Serbia faced Group B winners Greece in the round of 16. After the Greeks had their first lead of the game late in the first half, Nikola Kalinić scored on a three-point to play that gave them the lead for good. Serbia limited Greece to 13 points in the third quarter en route to a win. Bogdan Bogdanović had a game-high 21 points, and four other Serbs scored in double figures to send Serbia to the quarterfinals.[15] All Group A teams qualified to the quarterfinals, with Brazil netting a rematch with Serbia. With Brazil within striking distance throughout the game, Tiago Splitter and Nenê were assessed technical fouls in the third quarter; Serbia had a seven-point possession and never trailed again.[16] France then defeated Spain to arrange a rematch with Serbia in the semifinals. Serbia had a 9–0 run in the second period to give them a 30–15 advantage. France cut the lead to ten early in the fourth quarter. Boris Diaw, Nicolas Batum and Evan Fournier made three-pointers to cut the deficit to four points with five minutes left. Teodosić and Bogdanović scored their own three-pointers to pad the lead to nine when the French converted more three-pointers to cut the lead to three with 48 seconds left. Thomas Heurtel converted both free-throws to cut the lead to one point, but Teodosić missed a field-goal. Heurtel split his free-throws off Teodosić's foul, then Serbia scored four points, Batum made a three-pointer for France, and Marko Simonović made both free-throws to seal the win for Serbia.[17]

Match details[edit]

This was the first meeting between Serbia and the United States in the World Cup.

Serbia made their first five shots of the game to race to a 10–5 lead. After the U.S. timeout, Serbia scored anew, then the Americans had a 17–3 run to go up by seven. Kyrie Irving and Klay Thompson scored three-pointers to give the USA a 35–21 lead. In the second quarter, the United States made six more three point shots to give them a 26-point lead at the half. The Americans erected the largest lead at 39 points midway through the third quarter. The final deficit of 37 points and the 129 points scored were the largest in a World Cup final since the USA's 137–91 victory over Russia in the 1994 FIBA World Championship. The Americans also became the third team, after Brazil and Yugoslavia, to successfully defend the world title, and tied the Yugoslavs with having the most championships, with five.[18]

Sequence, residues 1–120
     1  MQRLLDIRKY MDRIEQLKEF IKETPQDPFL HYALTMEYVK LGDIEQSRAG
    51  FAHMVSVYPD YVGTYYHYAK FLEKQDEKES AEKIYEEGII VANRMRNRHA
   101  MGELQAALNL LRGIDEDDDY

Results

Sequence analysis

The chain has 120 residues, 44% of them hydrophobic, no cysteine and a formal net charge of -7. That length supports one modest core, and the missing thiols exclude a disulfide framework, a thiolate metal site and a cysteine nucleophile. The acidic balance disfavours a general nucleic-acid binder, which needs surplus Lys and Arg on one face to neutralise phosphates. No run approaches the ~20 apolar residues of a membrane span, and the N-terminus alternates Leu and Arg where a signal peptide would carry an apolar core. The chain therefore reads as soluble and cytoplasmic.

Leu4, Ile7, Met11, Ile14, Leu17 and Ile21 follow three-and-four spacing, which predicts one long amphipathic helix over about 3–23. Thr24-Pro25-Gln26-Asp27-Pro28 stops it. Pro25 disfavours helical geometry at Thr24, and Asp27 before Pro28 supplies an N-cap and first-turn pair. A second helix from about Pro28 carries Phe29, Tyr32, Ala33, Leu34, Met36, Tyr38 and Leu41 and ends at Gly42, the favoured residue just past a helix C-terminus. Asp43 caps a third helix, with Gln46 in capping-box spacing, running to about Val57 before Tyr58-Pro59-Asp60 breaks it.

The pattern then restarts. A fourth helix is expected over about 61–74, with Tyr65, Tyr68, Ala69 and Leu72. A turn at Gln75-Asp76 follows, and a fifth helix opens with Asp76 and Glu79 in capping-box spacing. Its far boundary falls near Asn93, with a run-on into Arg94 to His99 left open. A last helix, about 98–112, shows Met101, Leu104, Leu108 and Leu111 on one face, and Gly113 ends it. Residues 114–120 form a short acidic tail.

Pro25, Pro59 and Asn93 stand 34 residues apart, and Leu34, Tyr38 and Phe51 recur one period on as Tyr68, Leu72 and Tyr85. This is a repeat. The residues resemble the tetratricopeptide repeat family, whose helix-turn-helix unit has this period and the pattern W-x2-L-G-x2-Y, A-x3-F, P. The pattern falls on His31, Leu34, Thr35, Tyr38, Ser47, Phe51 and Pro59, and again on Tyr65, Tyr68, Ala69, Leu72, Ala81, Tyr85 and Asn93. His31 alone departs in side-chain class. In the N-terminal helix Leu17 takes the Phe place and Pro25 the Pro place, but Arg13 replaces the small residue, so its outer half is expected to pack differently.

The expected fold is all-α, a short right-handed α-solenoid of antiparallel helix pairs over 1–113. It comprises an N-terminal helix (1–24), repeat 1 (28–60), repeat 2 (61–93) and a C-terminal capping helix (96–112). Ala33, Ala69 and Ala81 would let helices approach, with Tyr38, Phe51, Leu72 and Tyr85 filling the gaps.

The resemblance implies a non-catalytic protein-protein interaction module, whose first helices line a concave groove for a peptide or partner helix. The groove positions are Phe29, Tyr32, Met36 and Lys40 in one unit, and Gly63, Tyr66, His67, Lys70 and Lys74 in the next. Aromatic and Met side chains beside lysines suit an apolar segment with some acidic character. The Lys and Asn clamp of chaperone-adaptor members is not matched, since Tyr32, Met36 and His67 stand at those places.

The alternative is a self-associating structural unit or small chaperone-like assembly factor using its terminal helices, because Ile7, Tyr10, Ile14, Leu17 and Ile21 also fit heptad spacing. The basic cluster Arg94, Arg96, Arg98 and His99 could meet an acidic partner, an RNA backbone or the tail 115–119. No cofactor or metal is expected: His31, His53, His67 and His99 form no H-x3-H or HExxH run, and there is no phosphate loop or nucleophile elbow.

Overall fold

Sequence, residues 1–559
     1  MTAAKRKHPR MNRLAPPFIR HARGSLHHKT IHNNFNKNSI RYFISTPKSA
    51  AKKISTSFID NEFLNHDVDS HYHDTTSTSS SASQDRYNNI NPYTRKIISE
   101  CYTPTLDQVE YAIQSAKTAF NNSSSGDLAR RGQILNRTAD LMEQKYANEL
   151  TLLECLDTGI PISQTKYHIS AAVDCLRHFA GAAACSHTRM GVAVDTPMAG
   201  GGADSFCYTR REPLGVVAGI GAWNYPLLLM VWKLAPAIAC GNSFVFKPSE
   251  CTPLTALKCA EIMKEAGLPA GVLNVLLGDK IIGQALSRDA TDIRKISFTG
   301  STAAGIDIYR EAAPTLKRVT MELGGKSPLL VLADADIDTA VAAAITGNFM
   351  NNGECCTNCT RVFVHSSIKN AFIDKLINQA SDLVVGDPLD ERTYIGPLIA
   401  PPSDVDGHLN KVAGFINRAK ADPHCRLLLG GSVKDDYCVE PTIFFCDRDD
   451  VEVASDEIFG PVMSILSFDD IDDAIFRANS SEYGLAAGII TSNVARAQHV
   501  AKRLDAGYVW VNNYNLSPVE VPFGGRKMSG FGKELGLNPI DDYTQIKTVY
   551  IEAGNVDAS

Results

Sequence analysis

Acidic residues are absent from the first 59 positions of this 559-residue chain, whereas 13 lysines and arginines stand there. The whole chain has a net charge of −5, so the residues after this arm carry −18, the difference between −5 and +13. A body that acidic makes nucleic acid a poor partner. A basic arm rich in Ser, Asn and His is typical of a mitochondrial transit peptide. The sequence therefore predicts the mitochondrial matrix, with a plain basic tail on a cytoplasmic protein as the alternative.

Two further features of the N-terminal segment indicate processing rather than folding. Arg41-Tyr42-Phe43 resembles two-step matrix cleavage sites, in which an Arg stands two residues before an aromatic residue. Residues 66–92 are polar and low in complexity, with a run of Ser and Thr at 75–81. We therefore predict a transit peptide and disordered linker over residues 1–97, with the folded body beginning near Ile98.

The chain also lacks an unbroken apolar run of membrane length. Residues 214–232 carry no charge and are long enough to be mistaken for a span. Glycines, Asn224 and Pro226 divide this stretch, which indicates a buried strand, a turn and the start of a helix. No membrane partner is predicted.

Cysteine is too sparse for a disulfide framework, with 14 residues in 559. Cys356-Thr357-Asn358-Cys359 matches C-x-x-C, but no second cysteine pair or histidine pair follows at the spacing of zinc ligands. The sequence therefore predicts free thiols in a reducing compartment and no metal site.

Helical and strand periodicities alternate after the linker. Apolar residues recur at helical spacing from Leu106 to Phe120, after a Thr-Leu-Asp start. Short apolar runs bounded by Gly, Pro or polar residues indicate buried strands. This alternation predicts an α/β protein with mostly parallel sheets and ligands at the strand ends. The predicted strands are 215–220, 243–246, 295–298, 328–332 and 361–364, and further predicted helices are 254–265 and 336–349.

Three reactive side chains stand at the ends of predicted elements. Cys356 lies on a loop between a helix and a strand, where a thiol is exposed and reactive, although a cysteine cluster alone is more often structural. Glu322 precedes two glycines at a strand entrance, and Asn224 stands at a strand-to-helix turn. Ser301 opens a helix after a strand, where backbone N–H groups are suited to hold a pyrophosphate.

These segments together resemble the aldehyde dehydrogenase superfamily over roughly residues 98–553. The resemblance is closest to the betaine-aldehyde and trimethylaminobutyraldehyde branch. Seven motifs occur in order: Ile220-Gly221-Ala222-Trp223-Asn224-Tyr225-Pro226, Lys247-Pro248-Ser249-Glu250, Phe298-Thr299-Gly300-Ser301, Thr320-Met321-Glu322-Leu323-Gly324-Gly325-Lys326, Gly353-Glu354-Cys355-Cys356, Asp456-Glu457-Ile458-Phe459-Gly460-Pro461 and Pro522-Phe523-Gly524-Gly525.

The Americans shot 58% from the field and 50% from beyond the three-point line in the game, won all nine games by an average of 32.5 points, and qualified to the 2016 Olympics. Kyrie Irving was named the tournament MVP.[19]

After being defeated, the Serbian team was received by a raucous crowd in their return to Belgrade.[20] This was the best finish of a national team featuring Serb players since the 2002 FIBA World Championship in Indianapolis, where Yugoslavia defeated Argentina in the final.

14 September 2014
United States 129–92  Serbia
Scoring by quarter: 35–21, 32–20, 38–26, 24–25
Pts: Irving 26
Rebs: Cousins 9
Asts: Rose 6
Pts: Bjelica, Kalinić 18
Rebs: Marković 6
Asts: Teodosić 7
Palacio de Deportes de la Comunidad de Madrid, Madrid
Attendance: 13,673
Referees: Stephen Seibel (CAN), Borys Ryzhyk (UKR), Eddie Viator (FRA)

*– Starters


  1. ^ "FIBA – A glance at Spain 2014's Group C". FIBA.com. 2014-02-04. Retrieved 2014-09-15. 
  2. ^ a b "SPAIN 2014: Croatia edge Philippines on thrilling opening day". FIBA.com. 2014-08-30. Retrieved 2014-09-15. 
  3. ^ ""Can't take anybody for granted" – Coach K acknowledges USA's scare against Turkey". FIBA.com. 2014-08-31. Retrieved 2014-09-15. 
  4. ^ "Three wins down, Coach K's USA still taking it one game at a time". FIBA.com. 2014-09-03. Retrieved 2014-09-15. 
  5. ^ "Team work, togetherness the index of measure for Coach K". FIBA.com. 2014-09-03. Retrieved 2014-09-15. 
  6. ^ "5–0 and healthy: Coach K happy taking team to Barcelona". FIBA.com. 2014-09-04. Retrieved 2014-09-15. 
  7. ^ "Defending champions USA roll past Mexico, into Quarter-Finals". FIBA.com. 2014-09-06. Retrieved 2014-09-15. 
  8. ^ "USA leave brave Slovenia behind, book Semi-Final date with Lithuania". FIBA.com. 2014-09-09. Retrieved 2014-09-15. 
  9. ^ "SPAIN 2014: USA down Lithuania to romp into Final". FIBA.com. 2014-09-11. Retrieved 2014-09-15. 
  10. ^ "FIBA – A glance at Spain 2014's Group A". FIBA.com. 2014-02-04. Retrieved 2014-09-15. 
  11. ^ "The Diaw-Jackson factor for France". FIBA.com. 2014-08-31. Retrieved 2014-09-15. 
  12. ^ "Haddadi wins battle in the paint but Iran fall to Serbia". FIBA.com. 2014-09-01. Retrieved 2014-09-15. 
  13. ^ "Marquinhos gives Brazil hope". FIBA.com. 2014-09-04. Retrieved 2014-09-15. 
  14. ^ "Spain look to up their play in Madrid". FIBA.com. 2014-09-05. Retrieved 2014-09-15. 
  15. ^ "Serbia shake off group stage struggles, down Greece to reach last eight". FIBA.com. 2014-09-07. Retrieved 2014-09-15. 
  16. ^ "Serbia get better of Brazil in second attempt, reach Semis". FIBA.com. 2014-09-10. Retrieved 2014-09-15. 
  17. ^ "SPAIN 2014: Serbia survive France late run to set up Final showdown with USA". FIBA.com. 2014-09-12. Retrieved 2014-09-15. 
  18. ^ "USA shoot past Serbia to win 2014 title, retain world crown". FIBA.com. 2014-09-14. Retrieved 2014-09-15. 
  19. ^ "U.S. blows out Serbia for gold". Associated Press. ESPN. 2014-09-14. Retrieved 2014-09-15. 
  20. ^ Melnick, Andrew (2014-09-15). "Serbia gets a huge welcome party for winning Silver Medal at FIBA World Cup". SI.com. Retrieved 2014-09-16. 
  21. ^ "USA vs. Serbia FIBA box score". 2014-09-14. Retrieved 2014-09-16.